We are responsible for the management of Dutch elm disease in East Sussex.
Report a sighting
If you see a suspected case of Dutch elm disease, please report it. You can also attach a photograph:
Vigilance and prompt action by the Dutch elm disease control team is the only way of limiting the spread of this disease.
What to look out for
During summer and early autumn, infected trees can be identified by yellowing and shrivelled leaves. Towards the tips of infected branches, the leaves will be brown as the infection gradually spreads down the infected branch.
Flickr – photos of aerial infections
The Forestry Commission website has information, including how to diagnose the disease:
Dutch elm disease has killed millions of elm trees in the UK since its arrival in 1971. In partnership with other local authorities, a control zone was set up in 1973 to limit the spread of the disease in East Sussex and the surrounding area.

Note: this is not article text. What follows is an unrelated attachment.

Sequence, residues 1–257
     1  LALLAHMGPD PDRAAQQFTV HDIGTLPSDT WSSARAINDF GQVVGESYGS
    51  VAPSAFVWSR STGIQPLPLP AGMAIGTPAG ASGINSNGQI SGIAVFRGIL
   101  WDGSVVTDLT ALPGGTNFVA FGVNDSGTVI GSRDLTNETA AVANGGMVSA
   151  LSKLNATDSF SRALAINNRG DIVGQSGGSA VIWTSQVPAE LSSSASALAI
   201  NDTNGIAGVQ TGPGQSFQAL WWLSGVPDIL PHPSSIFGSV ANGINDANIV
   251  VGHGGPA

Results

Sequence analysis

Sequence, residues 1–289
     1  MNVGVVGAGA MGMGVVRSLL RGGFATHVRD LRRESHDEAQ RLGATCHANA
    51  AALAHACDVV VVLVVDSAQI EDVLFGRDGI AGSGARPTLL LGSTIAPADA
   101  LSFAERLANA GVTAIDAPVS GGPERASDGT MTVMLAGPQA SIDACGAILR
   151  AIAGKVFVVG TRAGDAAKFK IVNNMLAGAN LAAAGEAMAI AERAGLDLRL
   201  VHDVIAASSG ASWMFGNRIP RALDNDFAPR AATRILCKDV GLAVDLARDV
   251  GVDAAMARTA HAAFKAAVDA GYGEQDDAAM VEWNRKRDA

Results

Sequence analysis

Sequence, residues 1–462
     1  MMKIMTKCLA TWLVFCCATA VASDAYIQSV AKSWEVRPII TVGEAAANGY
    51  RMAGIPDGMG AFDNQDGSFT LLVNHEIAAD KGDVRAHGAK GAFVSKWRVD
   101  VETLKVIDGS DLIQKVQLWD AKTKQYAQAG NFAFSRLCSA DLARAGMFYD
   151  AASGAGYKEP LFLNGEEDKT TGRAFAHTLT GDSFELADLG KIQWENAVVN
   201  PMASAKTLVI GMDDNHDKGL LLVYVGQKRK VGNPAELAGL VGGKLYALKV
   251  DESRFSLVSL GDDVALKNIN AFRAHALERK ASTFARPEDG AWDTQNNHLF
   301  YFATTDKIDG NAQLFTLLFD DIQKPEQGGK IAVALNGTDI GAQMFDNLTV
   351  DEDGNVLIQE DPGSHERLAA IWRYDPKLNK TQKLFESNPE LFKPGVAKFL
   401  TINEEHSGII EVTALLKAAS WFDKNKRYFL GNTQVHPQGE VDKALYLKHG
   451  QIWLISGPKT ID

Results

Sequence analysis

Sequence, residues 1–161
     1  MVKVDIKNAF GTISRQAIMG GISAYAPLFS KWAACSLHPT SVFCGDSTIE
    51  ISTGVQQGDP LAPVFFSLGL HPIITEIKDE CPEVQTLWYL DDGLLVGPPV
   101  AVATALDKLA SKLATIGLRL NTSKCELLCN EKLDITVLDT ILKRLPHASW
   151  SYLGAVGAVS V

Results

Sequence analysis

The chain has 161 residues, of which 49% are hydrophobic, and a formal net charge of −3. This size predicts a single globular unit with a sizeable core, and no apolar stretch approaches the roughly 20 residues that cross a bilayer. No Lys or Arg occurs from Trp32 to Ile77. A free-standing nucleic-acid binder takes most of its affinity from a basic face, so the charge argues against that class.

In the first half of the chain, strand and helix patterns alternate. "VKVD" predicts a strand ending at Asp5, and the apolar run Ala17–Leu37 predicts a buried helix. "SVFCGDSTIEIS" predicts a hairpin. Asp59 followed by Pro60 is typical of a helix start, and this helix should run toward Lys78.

This has been extremely successful:
- East Sussex now contains the only population of mature English elms in the world
- there are now many more elms inside the East Sussex zone than when the disease arrived – nearly 50,000. This includes a number of large veteran elms.
For information about the management of the control zone contact our Dutch Elm Disease officer.
Be an Elm Protection Volunteer
We need volunteers across the county to keep an eye out for Dutch elm disease.
Find out how you can become a Elm Protection Volunteer.
East Sussex DED control zone
The control zone stretches from Falmer in the west of the county, to Pevensey in the east, except Eastbourne, where elms are managed by Eastbourne Borough Council.
For elms in Eastbourne and Brighton & Hove, see: